Eight decades after vandals forced the site’s former tea house to shutter, a new pavilion now open at Esquimalt’s Gorge Park restores a deep-rooted history.
On Saturday, the public and local officials celebrated the grand opening of Gorge Park Pavilion—an over 6,000 sq. ft space covering two floors, each with views of the water and renewed surrounding gardens.
According to township officials, the building’s design is inspired by the original tea house, The Japanese Tea Garden, a popular park spot around 80 years ago.
It was designed in 1907 by Isaburo Kishida for his son, Yoshihiro Kishida and Yoshihiro’s business partner, Hayato Takata, after being contracted by the BC Electric Railway Company build an authentic Japanese Tea Garden.
However, in 1942, the tea house was vandalized during the Second World War when Japanese Canadians were forced into internment, the township recalls.
Years later, after public consultation showed community support for a new facility on the site, the project moved forward with the pavilion funded through a portion of the $17-million McLoughlin Amenity Funds.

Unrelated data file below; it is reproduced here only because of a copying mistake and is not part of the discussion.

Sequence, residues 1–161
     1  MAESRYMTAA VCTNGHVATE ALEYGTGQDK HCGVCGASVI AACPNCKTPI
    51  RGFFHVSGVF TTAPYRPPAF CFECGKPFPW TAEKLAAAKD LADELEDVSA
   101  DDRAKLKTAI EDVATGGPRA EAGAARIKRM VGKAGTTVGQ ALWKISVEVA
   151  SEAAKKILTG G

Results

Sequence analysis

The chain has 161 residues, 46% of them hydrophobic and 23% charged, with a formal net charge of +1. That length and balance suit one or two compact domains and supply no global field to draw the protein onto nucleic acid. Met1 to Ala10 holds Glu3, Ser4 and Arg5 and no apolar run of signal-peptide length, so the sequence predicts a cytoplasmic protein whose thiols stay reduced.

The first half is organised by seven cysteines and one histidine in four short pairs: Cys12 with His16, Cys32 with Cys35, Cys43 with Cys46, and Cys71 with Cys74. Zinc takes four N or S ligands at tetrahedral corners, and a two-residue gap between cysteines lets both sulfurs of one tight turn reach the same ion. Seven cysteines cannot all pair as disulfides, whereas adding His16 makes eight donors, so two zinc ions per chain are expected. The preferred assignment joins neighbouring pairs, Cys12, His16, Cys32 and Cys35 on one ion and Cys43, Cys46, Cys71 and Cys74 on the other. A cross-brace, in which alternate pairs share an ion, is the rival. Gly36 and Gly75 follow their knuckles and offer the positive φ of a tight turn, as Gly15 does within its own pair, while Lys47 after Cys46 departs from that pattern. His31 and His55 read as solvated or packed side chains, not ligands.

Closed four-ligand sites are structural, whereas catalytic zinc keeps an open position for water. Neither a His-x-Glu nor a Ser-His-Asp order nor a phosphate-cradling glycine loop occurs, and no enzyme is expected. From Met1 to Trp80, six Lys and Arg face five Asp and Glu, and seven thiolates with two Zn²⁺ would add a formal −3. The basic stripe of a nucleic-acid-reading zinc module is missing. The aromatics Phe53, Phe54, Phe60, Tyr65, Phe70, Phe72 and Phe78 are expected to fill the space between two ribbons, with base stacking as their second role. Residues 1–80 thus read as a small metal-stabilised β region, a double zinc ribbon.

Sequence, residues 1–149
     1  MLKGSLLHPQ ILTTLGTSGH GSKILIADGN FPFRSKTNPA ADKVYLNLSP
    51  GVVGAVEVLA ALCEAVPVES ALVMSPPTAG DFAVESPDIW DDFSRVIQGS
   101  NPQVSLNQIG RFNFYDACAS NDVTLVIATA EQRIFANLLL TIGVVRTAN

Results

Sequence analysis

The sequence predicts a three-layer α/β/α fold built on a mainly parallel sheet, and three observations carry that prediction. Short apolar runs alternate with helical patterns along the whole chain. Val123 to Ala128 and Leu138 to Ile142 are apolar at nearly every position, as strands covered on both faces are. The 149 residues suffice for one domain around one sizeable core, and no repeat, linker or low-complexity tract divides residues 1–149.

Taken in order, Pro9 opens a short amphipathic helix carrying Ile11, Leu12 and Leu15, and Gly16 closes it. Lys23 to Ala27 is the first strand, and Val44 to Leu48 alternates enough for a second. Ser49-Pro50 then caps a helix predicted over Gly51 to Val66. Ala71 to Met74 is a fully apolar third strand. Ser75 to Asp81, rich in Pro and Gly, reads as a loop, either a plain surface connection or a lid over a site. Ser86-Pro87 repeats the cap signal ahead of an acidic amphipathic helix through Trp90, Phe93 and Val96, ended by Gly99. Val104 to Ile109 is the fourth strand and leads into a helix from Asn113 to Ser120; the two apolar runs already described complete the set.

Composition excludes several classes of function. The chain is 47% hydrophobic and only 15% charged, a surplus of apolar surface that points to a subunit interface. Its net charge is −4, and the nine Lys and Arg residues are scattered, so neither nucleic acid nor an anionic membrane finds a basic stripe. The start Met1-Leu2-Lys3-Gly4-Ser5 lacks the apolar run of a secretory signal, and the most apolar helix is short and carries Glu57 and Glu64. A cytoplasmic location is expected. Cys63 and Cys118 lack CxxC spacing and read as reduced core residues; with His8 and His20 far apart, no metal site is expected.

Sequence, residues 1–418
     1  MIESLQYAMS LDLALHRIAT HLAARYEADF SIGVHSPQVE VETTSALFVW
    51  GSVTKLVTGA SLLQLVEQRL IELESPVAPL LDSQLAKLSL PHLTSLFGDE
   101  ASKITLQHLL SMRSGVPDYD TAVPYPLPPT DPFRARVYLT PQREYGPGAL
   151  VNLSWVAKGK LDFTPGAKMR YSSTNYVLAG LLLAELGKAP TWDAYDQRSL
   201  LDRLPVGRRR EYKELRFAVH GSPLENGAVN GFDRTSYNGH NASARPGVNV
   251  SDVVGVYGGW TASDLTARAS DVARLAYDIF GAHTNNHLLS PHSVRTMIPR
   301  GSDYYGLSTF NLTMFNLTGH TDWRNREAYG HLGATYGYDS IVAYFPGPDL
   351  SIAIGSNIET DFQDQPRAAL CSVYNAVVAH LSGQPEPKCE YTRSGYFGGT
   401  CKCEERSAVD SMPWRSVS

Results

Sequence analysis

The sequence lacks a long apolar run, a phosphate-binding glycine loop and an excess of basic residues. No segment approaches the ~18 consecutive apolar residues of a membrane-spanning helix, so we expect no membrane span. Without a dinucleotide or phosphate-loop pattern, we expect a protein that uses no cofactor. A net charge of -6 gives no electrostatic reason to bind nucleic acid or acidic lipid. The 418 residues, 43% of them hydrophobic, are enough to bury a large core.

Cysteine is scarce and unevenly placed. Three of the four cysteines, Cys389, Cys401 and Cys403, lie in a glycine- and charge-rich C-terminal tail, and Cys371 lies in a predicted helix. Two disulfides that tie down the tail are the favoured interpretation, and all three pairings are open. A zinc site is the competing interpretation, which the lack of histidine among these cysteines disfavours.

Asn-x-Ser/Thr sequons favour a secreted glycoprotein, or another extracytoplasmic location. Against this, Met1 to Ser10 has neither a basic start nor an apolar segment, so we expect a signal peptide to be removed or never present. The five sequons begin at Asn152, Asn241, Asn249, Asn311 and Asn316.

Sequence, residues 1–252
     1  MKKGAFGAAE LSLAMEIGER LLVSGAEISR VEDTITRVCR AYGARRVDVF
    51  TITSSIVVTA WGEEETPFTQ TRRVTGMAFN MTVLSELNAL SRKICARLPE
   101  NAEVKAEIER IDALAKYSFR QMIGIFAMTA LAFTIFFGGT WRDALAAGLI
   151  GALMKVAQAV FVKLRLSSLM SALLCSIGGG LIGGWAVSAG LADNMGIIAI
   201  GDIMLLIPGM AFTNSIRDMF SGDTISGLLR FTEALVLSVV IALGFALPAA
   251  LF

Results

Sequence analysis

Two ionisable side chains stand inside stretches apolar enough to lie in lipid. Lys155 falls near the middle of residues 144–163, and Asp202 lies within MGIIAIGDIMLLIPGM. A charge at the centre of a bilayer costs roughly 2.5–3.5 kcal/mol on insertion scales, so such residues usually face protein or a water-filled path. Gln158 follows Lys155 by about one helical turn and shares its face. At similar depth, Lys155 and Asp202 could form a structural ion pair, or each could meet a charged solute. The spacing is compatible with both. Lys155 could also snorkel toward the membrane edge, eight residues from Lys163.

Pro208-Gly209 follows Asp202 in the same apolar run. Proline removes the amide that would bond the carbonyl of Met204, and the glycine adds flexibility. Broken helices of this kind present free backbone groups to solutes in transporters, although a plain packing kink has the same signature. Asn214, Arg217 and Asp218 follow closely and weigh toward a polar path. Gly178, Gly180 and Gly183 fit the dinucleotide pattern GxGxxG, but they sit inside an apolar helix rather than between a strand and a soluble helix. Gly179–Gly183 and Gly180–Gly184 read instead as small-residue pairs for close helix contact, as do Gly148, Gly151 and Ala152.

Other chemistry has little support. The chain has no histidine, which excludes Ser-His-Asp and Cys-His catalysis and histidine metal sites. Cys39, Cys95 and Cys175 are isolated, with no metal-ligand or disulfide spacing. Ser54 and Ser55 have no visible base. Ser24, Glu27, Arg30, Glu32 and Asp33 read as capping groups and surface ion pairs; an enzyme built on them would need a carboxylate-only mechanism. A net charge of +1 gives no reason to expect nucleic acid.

By the summer of 2020, construction was underway after Esquimalt received funding from the Capital Regional District in exchange for using McLoughlin Point for the region’s wastewater treatment plant.
The township says the pavilion and grounds, accessed via Tillicum Road, are intended to be a community gathering space and notes that programming like art and yoga classes will be provided, as well as renting the building for events.
Today, the garden remains the oldest Japanese Garden in North America, with Kishida also known for designing the Japanese Gardens at Royal Roads and Butchart Gardens.